Cholangitis, Acute

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Basics

Description

  • Acute infection and inflammation due to partial or complete obstruction of the biliary tree, most commonly by gallstones migrating into the common bile duct (CBD); also by endoscopic retrograde cholangiopancreatography (ERCP), tumor, parasitic disease, and stricture
  • Primary choledocholithiasis (formation of stones in the CBD) is uncommon; occurs with bile stasis (e.g., cystic fibrosis, distal biliary stricture)
  • Must distinguish from primary sclerosing cholangitis (PSC), a chronic progressive disorder of unknown etiology characterized by inflammation, fibrosis, and strictures with intra- and/or extrahepatic bile ducts
  • Severity ranges from mild pain and low-grade fever to life-threatening sepsis.
  • When suspected, urgent intervention is needed.
  • System(s) affected: GI tract, hepatobiliary, other systems via hematogenous spread

Epidemiology

Parallels the prevalence of gallstones; stones migrating into the CBD are associated with up to 70% of cases. Median age of presentation is between 50 and 60 years; incidence increases with age.

  • Stones more common in individuals of Northern European, Hispanic, and Native American descent
  • Rare in children (except in hemolytic disorders such as sickle cell disease)
Prevalence
  • CBD stones are discovered incidentally in 5–20% of patients undergoing routine evaluation for gallstones.
  • Acute cholangitis occurs in 6–9% of patients hospitalized with gallstone disease.
  • No gender differences have been reported.
  • Patients with CBD stones have positive blood cultures in 20–30% of cases.

Etiology and Pathophysiology

  • Obstruction of biliary flow by stones (90% of cases), neoplasms, or strictures promotes bile stasis and spread of bacteria from biliary tree into hepatic ducts.
  • Increased intraluminal pressure decreases intrabiliary IgA secretion; disrupts hepatocellular tight junctions; and pushes bacteria into hepatic veins, biliary canaliculi, and perihepatic lymphatics, leading to bacteremia (25–40%). Bacteria gain access to the biliary tree via retrograde ascent from the duodenum.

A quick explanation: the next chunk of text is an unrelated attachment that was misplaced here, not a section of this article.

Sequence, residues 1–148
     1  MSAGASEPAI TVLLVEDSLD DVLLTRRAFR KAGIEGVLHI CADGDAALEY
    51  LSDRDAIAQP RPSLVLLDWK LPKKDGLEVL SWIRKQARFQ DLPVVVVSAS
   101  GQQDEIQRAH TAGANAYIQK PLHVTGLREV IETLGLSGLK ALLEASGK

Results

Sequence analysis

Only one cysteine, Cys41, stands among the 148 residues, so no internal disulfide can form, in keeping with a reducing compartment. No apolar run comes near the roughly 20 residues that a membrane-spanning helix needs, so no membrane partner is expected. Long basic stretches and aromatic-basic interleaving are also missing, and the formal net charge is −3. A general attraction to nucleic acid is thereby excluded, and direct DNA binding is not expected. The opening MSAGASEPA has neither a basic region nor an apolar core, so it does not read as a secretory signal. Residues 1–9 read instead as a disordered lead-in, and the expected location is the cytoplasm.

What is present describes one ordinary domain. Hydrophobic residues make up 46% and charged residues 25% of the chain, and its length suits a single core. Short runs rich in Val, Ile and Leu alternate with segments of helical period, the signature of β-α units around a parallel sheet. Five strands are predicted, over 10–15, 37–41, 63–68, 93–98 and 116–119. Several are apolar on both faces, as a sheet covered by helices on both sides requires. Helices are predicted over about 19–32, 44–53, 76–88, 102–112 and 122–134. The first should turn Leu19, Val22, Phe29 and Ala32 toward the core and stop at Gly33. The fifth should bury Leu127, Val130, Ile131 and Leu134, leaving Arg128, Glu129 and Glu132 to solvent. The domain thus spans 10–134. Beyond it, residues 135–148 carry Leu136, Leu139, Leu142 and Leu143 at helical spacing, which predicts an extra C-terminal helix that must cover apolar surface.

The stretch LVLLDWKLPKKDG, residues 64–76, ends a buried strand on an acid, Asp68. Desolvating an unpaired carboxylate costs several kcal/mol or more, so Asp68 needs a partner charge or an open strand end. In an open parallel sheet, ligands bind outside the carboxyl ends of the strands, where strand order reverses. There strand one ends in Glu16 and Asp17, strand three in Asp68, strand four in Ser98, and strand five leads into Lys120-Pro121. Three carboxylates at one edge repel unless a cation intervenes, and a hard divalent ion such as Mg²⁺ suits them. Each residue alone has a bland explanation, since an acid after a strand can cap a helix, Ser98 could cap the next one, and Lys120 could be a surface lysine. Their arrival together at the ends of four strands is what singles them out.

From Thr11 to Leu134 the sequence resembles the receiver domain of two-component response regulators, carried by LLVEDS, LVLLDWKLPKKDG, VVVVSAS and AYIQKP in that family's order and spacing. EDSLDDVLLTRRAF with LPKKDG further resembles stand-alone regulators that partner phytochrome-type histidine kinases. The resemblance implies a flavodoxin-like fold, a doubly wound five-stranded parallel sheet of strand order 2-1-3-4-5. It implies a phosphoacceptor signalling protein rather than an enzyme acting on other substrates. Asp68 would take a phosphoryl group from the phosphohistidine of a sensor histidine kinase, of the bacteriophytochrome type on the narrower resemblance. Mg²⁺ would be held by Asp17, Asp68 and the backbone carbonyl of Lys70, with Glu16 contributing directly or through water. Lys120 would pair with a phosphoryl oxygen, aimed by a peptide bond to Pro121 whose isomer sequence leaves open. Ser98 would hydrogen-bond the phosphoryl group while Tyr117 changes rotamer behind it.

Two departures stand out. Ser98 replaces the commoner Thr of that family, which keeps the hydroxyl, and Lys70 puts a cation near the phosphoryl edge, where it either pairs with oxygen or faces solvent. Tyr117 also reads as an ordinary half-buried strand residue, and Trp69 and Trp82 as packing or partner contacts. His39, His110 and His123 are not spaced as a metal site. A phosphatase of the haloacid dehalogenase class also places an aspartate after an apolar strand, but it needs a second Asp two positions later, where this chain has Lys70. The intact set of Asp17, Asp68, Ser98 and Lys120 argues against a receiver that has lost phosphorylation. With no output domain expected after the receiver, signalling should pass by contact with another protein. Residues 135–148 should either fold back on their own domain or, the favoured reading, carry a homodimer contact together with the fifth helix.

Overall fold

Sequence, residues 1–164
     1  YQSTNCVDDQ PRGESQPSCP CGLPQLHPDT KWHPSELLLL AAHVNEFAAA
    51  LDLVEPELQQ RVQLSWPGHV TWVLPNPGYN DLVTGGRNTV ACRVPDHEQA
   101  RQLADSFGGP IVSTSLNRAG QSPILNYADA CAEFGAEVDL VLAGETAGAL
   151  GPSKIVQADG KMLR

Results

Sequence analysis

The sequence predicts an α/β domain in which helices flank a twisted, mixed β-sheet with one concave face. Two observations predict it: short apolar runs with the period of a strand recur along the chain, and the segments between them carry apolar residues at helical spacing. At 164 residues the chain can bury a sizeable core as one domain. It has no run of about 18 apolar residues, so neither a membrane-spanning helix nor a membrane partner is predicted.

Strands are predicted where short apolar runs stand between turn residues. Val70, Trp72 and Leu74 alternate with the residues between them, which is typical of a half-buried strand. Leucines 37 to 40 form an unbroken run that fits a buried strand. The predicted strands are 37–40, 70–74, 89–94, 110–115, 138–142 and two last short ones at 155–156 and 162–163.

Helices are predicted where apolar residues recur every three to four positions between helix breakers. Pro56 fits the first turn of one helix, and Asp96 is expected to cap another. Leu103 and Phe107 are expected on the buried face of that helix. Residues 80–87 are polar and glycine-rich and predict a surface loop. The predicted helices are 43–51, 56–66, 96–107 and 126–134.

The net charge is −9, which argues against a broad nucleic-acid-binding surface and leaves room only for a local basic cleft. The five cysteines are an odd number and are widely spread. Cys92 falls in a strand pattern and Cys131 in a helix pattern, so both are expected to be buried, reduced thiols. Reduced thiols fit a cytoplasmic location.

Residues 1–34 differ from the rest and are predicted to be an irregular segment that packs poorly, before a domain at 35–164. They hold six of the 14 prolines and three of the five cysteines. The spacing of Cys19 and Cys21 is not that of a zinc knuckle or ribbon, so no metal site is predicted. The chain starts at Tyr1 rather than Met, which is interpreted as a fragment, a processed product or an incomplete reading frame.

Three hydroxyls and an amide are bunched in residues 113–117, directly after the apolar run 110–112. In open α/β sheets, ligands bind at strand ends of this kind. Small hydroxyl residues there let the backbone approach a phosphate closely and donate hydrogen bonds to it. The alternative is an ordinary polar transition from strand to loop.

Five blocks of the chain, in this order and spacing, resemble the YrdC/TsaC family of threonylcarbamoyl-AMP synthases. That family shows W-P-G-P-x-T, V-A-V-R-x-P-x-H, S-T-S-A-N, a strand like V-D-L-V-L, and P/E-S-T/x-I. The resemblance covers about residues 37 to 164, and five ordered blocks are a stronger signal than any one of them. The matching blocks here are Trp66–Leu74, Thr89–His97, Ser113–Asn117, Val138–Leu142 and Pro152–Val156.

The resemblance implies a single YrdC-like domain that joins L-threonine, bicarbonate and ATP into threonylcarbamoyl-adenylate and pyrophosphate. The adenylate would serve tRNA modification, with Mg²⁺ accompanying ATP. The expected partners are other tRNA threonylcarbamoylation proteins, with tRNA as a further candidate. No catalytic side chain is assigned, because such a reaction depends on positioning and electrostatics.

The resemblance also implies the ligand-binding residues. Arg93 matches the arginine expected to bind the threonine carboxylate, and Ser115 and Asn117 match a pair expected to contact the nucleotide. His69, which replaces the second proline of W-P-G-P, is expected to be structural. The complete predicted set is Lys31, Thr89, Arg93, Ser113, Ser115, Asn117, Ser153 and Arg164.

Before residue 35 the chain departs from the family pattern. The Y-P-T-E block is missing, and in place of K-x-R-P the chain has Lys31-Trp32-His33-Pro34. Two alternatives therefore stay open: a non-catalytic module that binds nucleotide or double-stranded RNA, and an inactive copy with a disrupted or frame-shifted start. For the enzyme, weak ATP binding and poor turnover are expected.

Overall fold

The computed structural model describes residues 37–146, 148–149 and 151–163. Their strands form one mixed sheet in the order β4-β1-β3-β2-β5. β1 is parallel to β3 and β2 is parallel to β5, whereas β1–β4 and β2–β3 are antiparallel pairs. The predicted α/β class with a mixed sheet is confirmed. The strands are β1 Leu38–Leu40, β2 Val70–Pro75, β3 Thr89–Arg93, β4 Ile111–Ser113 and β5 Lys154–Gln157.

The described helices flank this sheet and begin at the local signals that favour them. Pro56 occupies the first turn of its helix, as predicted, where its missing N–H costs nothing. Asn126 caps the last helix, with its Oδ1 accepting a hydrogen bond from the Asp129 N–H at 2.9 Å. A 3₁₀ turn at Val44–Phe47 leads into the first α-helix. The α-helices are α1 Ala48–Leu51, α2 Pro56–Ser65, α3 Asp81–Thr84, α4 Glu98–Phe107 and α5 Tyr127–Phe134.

• Rarely, infection enters from portal venous system, periportal lymphatics, an eroding hepatic abscess, or infected pancreatic fluid collection.
  • The CBD may not be dilated if obstruction is partial, in which case an isolated alkaline phosphatase elevation is sometimes present.
  • Pyogenic cholangitis in Asia is most commonly due to parasitic infection (Clonorchis sinensis, Opisthorchis viverrini, Ascaris lumbricoides, Schistosoma mansoni) and is characterized by intrahepatic stones and recurrent attacks.
  • Most common bacterial organisms: Escherichia coli, Klebsiella pneumonia, and Enterococcus (1)[A]
  • Others: Bacteroides fragilis, Streptococcus faecalis, Enterobacter, and Pseudomonas
  • Anaerobes, including Clostridium and Bacteroides, are more frequent in polymicrobial infections and patients with prior biliary-enteric surgery.
  • With biliary endoprosthesis, Pseudomonas and enterococcal species more common
  • Hospitalized patients are prone to methicillin-resistant Staphylococcus aureus, Pseudomonas species, and vancomycin-resistant Enterococcus.
  • Cytomegalovirus, Cryptosporidium, Mycobacterium avium-intracellulare, and herpes simplex virus are common in HIV-related cholangiopathy. In HIV patients, acute cholecystitis may be acalculous due to infection, inflammation, or gallbladder wall ischemia.

Genetics
Increased risk with family history of gallstones

Risk Factors

  • Cholelithiasis, CBD stones
  • Chronic bile duct inflammation due to sclerosing cholangitis, infection, and possibly hypothyroidism
  • Periampullary malignancy
  • Advanced age >70 years, usually >50 years old
  • Cirrhosis
  • Crohn disease
  • Hepatobiliary infections
  • Conditions predisposing to biliary stasis (diabetes mellitus, obesity, pregnancy, rapid weight loss, prolonged fasting)
  • Hemolytic syndromes or biliary anomalies (children)
  • Roux-en-Y bypass surgery
  • Biliary strictures or neoplasms, including masses that compress the duct; chronic pancreatitis with inflammatory CBD stricture
  • Endoscopic or surgical manipulation; biliary stent occurs in 10% postbiliary tract reconstruction.
  • Immunosuppression
  • Medications: octreotide, ceftriaxone, estrogen
  • HIV or AIDS

Pregnancy Considerations
Gallstone risk increases during pregnancy due to biliary cholesterol supersaturation and decreased GB motility.

General Prevention

  • Adequate physical activity
  • Avoid foods rich in saturated fats.
  • In patients with increased risk of biliary stasis, weight loss, long-term somatostatin therapy or parenteral nutrition, and use of ursodeoxycholic acid reduce lithogenicity.
  • Long-term statin use reduces biliary cholesterol concentration and lowers risk of gallstone formation (not recommended for routine prevention).
  • Ensure patency of biliary tree with intraoperative cholangiography (IOC) at time of cholecystectomy; if operative view is not possible and CBD stone is suspected, endoscopic cholangiogram is recommended.
  • Prophylactic antibiotics before ERCP

Commonly Associated Conditions

  • Pancreatitis, acute cholecystitis
  • Crohn disease
  • HIV/AIDS
  • Sepsis

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